well from your link sources, David Clark the UFO guy says(below), so not sure why you are saying no "normal" explanation ever been considered likely.
DAVID CLARKE Sheffield Hallam University, UK e-mail: email@example.com
. PAUL FULLER MARTIN SHOUGH National Aviation Reporting Centre on Anomalous Phenomena (NARCAP) e-mail: firstname.lastname@example.org
Abstract—Unusual atmospheric phenomena (UAPs) were observed in daylight by multiple observers on board two civil aircraft in widely separated locations. We summarise results of an investigation based on radio communications reporting events in real time to Air Traffic Control (ATC), ATC radar and weather radar recordings, Civil Aviation Authority (CAA) documents, witness interviews and statements, and other sources. We describe attempts to explain the phenomena with the help of expert specialist advisers and professional resources in the fields of meteorology, atmospheric optics, oceanography and geophysics. We are able to show that widespread media stories describing enormous phenomena up to a mile wide and detected by radar were based on speculation and misunderstandings. Many news reports were grossly exaggerated and inaccurate. However, we are unable to conclusively identify the UAPs observed. It proves possible to eliminate a number of theories with a fairly high level of confidence, leaving us with two types of phenomena—a rare atmospheric-optical effect or an earthquake precursor—both of which have the potential to explain at least some, although not all, features of the reports. We highlight certain features that appear to leave open the possibility of unusual physical processes
other clips from his investigation linked above
"His initial impression was that he could be seeing sunlight reflected from large vinery glasshouses on the Island of Guernsey, tens of miles away. He had often seen such an effect before, which would vanish in moments as the aircraft moved through the critical angle for reflection. But this light did not disappear"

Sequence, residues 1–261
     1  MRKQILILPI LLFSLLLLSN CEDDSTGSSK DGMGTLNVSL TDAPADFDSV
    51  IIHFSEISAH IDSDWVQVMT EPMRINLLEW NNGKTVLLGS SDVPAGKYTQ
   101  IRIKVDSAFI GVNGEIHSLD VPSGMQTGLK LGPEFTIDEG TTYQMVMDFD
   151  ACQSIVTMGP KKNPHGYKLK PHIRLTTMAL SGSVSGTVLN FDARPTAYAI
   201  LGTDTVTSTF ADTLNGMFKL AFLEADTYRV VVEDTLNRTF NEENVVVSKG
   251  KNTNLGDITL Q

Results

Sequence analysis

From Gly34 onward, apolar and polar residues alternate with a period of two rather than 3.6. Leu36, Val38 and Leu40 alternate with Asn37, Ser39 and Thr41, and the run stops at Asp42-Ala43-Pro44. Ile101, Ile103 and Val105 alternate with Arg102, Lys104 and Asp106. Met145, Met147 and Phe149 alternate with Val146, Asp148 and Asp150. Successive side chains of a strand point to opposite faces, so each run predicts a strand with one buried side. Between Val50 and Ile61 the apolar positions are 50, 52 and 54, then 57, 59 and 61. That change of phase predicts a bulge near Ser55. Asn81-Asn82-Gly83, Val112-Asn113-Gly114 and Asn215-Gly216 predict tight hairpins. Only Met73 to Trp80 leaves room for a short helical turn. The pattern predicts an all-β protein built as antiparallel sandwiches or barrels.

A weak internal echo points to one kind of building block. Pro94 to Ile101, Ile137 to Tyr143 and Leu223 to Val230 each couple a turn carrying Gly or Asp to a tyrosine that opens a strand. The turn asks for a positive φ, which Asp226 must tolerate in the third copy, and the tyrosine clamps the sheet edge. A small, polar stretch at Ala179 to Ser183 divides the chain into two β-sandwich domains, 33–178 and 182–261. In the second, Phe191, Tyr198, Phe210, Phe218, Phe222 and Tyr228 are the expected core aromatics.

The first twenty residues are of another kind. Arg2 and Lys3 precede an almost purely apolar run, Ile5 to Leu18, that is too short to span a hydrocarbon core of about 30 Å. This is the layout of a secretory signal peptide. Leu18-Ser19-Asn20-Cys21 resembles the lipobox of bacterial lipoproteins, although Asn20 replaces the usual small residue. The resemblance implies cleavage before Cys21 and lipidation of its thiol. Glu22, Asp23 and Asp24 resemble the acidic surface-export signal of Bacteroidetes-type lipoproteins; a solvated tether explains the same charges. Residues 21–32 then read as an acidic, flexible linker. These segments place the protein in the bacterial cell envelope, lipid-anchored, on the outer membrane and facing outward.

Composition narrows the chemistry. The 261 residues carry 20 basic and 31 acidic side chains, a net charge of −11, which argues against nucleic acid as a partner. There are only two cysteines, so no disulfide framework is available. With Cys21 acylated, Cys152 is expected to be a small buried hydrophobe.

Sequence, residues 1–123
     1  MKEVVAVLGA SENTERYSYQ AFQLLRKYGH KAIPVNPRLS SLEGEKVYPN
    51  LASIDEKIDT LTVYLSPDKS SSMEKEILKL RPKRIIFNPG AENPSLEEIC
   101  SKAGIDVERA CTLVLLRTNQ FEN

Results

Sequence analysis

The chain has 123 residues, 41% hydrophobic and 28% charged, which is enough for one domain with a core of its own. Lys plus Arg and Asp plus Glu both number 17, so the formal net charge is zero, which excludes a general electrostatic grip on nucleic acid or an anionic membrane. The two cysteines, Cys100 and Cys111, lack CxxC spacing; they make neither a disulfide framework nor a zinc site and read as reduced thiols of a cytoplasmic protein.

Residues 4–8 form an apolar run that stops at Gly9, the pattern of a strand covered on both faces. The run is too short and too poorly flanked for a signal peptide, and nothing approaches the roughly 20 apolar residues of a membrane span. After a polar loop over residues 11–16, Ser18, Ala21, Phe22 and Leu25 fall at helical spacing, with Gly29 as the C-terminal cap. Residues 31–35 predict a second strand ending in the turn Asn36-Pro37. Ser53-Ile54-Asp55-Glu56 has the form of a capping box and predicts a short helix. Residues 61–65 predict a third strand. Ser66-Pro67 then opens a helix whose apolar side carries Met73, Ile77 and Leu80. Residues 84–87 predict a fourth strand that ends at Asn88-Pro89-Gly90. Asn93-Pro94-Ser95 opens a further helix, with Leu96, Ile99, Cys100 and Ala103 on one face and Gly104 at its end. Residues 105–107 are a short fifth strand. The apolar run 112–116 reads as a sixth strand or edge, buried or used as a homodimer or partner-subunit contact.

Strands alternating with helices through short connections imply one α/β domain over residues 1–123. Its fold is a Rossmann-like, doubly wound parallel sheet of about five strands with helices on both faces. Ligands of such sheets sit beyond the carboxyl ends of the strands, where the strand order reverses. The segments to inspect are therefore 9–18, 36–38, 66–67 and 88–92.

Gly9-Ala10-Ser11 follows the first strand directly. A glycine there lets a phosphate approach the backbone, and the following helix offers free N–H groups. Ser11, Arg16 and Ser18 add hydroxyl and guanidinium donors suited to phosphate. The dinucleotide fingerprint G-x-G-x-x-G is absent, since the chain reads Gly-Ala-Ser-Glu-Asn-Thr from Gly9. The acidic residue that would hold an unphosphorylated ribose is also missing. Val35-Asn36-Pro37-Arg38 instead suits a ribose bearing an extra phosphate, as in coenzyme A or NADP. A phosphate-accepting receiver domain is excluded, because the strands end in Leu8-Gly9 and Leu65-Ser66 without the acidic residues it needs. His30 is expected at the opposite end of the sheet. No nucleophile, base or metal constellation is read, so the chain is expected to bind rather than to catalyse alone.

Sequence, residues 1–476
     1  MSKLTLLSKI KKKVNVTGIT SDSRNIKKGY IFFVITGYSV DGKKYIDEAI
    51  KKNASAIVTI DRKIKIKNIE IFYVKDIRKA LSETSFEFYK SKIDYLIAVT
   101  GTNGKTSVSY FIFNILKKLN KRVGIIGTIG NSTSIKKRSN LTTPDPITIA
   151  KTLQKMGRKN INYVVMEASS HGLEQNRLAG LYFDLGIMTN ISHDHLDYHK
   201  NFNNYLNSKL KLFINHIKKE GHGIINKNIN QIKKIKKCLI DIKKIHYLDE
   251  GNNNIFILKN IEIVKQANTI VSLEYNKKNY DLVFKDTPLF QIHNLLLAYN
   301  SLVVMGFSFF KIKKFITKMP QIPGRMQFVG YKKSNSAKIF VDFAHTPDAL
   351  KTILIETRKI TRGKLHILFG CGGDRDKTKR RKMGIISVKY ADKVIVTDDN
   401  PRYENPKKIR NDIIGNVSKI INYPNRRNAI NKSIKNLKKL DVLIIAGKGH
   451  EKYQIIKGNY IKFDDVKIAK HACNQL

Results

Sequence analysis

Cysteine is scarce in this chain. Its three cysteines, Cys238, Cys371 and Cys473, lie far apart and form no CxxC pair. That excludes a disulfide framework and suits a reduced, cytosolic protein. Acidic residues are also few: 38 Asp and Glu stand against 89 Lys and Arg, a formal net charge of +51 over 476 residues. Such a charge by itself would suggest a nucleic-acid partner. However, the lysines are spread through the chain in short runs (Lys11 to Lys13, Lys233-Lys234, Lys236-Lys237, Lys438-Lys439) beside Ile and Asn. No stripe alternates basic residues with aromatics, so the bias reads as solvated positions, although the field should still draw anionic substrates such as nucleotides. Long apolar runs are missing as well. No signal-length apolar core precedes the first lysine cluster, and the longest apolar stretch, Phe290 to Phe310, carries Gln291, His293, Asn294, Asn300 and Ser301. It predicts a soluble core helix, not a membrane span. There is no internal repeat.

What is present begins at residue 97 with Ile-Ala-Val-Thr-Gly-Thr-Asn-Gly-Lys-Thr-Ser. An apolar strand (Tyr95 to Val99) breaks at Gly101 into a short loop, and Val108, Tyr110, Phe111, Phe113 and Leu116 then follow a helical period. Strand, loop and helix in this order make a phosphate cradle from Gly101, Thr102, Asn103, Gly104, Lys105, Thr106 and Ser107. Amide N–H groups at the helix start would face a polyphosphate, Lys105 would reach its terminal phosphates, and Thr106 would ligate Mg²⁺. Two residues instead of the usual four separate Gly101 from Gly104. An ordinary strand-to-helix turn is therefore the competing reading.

"There was still a primary contact on the left of the Trislander, said Kelly [air traffic controller], now 10 o’clock at a range of 3 miles, but nothing that appeared to correspond to the visual UAP. Kelly thought the contacts might be false echoes caused by anomalous propagation.3"
"Both witnesses disputed Capt. Bowyer’s later public opinion (based on a revised impression of range) that the objects might have been thousands of feet across. Kate had no definite impression of size, but felt that they were ‘‘nothing like as large’’, the nearest seeming to be perhaps 10 miles away, between the plane and Alderney. John had the impression that the object he saw might have been smaller than the Channel merchant vessels they saw during the flight. In other words, their visual judgments at the time were not dissimilar to Capt. Bowyer’s"
"In summary, the radar evidence examined is not helpful in establishing the presence of unusual phenomena. An ATC radar echo reported below the approximate visually-estimated position of one UAP may have been associated with an identifiable moving surface vessel, which may also have been picked up on the low beam of the weather radar. At the same time there are factors—use of MTI and poor sample rate—which limit the usefulness of this negative result, and pending the results of the GEIPAN study the ATC data files have not yet been examined to a level of detail that would completely rule out the presence of interesting primary echoes."
"But we also noted the coincidence that the average LOS from the Trislander to the lights was not far from the sun azimuth, inviting a reflection theory. Some witness descriptions used phrases like ‘‘sunshine yellow’’ and ‘‘sunlight coloured’’, which were also suggestive. And if Patterson could not see anything at 1413UTC from above FL65 and reciprocal to the Trislander’s LOS, why not? A FlyBe 146 in a similar position a little later also reported no visual contact. An optical theory might explain these anomalies. An optical theory would also be consistent with the absence of unambiguous radar evidence"